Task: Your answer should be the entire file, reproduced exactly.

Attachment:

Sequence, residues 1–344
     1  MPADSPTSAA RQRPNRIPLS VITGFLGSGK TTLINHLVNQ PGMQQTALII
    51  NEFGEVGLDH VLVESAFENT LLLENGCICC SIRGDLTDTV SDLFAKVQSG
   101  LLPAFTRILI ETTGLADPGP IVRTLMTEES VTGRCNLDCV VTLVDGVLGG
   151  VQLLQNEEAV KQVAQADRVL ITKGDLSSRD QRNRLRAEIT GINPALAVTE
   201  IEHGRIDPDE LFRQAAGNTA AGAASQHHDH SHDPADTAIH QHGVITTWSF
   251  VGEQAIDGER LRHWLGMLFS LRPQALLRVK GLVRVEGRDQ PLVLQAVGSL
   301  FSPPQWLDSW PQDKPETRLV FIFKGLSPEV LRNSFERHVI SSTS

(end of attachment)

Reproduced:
Sequence, residues 1–344
     1  MPADSPTSAA RQRPNRIPLS VITGFLGSGK TTLINHLVNQ PGMQQTALII
    51  NEFGEVGLDH VLVESAFENT LLLENGCICC SIRGDLTDTV SDLFAKVQSG
   101  LLPAFTRILI ETTGLADPGP IVRTLMTEES VTGRCNLDCV VTLVDGVLGG
   151  VQLLQNEEAV KQVAQADRVL ITKGDLSSRD QRNRLRAEIT GINPALAVTE
   201  IEHGRIDPDE LFRQAAGNTA AGAASQHHDH SHDPADTAIH QHGVITTWSF
   251  VGEQAIDGER LRHWLGMLFS LRPQALLRVK GLVRVEGRDQ PLVLQAVGSL
   301  FSPPQWLDSW PQDKPETRLV FIFKGLSPEV LRNSFERHVI SSTS